Twenty Questions with Margie Cooney


Welcome To Twenty Questions!

Every week I’ll be sharing a new twenty-something on the blog and their responses to twenty quick-fire, intimate questions about themselves. No one featured on Twenty Questions is a celebrity or public figure, and most of these people I don’t know very well, or at all. My hope is that by taking a peak into someone else’s soul you will realise that, despite our fundamental differences, we still have very similar insecurities, make similar mistakes and have fought similar battles to become the people we are today.

Margie Cooney, 23

What is your full name?

   Margaret Alexandra Cooney, after my grandma. But no one really calls me Margaret.


How old are you?

   23 years old.


How old do you feel?

   I’ve always felt older than I am. But it’s good, every so often, to allow myself to actually just be my age sometimes. It gets me out of my head.


Where were you born, and where do you live now?

I was born in Wellington, lived in Sydney for half my life and now live in Auckland.


What do you do for work?

I work for the Denizen, and I’ve just launched a jewellery label, Hera Saabi with my dear friend and business partner, Maeve Woodhouse. I also do some styling on the side.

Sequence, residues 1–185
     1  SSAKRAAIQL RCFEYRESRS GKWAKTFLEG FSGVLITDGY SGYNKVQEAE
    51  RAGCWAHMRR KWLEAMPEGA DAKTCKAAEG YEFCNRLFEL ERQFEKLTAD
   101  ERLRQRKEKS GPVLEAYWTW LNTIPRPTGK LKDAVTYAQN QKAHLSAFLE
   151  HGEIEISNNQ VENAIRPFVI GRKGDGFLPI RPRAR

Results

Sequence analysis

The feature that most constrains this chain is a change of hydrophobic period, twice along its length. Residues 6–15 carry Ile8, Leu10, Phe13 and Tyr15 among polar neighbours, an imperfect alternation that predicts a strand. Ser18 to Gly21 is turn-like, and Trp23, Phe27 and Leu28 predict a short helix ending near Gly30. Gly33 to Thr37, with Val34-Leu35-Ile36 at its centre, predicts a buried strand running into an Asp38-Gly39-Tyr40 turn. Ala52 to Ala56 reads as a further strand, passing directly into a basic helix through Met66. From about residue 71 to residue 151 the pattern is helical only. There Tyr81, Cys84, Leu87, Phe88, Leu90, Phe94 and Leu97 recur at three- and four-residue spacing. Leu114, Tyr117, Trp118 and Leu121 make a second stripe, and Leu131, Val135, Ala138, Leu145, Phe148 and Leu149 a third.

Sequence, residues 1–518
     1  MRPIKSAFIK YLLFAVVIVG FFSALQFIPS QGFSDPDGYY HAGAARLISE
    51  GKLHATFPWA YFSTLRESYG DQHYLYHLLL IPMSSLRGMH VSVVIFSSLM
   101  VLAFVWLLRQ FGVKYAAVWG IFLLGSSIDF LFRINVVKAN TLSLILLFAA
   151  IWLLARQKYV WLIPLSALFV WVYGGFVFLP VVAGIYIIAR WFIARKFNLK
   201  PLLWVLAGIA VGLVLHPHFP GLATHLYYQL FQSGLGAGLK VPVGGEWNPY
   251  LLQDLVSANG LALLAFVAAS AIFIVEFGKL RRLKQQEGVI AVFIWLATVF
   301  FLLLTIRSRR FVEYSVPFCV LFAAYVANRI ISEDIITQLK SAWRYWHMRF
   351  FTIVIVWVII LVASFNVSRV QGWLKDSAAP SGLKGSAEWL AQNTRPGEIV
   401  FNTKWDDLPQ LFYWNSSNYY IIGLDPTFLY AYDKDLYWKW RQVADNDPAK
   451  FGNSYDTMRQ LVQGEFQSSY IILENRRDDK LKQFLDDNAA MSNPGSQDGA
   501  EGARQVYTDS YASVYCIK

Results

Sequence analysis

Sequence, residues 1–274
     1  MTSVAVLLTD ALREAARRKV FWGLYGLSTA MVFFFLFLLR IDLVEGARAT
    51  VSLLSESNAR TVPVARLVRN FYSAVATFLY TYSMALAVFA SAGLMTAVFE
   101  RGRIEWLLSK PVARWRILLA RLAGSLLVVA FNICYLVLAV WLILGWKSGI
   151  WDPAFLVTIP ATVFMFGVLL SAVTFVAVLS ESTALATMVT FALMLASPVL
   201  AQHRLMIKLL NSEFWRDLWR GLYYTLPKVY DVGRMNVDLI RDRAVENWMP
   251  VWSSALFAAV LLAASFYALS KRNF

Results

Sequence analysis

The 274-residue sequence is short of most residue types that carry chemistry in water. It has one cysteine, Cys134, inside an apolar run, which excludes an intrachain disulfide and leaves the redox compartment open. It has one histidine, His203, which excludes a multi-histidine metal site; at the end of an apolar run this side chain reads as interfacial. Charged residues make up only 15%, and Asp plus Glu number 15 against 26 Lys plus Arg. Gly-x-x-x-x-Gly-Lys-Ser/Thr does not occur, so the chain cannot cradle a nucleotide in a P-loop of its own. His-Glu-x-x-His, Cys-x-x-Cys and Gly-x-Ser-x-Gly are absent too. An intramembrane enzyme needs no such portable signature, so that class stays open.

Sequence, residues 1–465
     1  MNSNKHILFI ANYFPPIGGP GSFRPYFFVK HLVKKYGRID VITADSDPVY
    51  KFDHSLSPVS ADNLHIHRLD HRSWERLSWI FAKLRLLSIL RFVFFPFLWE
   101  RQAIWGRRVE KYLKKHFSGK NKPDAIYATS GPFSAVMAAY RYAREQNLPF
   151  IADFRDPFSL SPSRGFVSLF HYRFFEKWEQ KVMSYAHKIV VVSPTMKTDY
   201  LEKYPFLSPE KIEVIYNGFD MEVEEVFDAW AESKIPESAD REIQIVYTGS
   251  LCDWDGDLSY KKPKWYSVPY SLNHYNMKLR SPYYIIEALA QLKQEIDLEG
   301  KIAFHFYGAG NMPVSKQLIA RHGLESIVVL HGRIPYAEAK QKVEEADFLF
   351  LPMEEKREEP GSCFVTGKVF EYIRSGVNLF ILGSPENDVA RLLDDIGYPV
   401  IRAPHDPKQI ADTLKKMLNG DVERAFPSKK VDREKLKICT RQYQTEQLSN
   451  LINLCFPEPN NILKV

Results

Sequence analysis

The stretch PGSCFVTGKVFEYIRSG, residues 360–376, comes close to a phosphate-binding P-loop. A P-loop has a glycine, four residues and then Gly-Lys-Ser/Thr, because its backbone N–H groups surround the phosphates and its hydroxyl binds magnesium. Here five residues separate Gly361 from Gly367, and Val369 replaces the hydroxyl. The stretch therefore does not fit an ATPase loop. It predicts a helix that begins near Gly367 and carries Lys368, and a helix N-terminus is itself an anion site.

What do you do for fun?

Writing for myself. Spending time with close friends. Going to films. The styling I do because I love it. At the moment I’m just reveling in the quiet moments between being busy.


Did you go to university? If so, what did you study? If not, why?

I never thought I would go to university, which was bizarre because I had done well at school. I think, for some reason, I was seeking a less conventional path. I actually did end up doing Law and Arts for a few years, both here (UOA) and in Sydney (for one year), but I haven’t finished my degree yet. What it came down to for me, was the fact that I felt like I knew how to do the work required to get the marks, but I wasn’t feeling creatively/intellectually stimulated. Not so much a reflection on my professors or the curriculum, as it was a systemic thing. I felt like I was just being churned through the system and it ceased to mean anything. So when I stopped caring, I knew it was time to pause and take a breather. Totally open to going back one day, so we’ll see.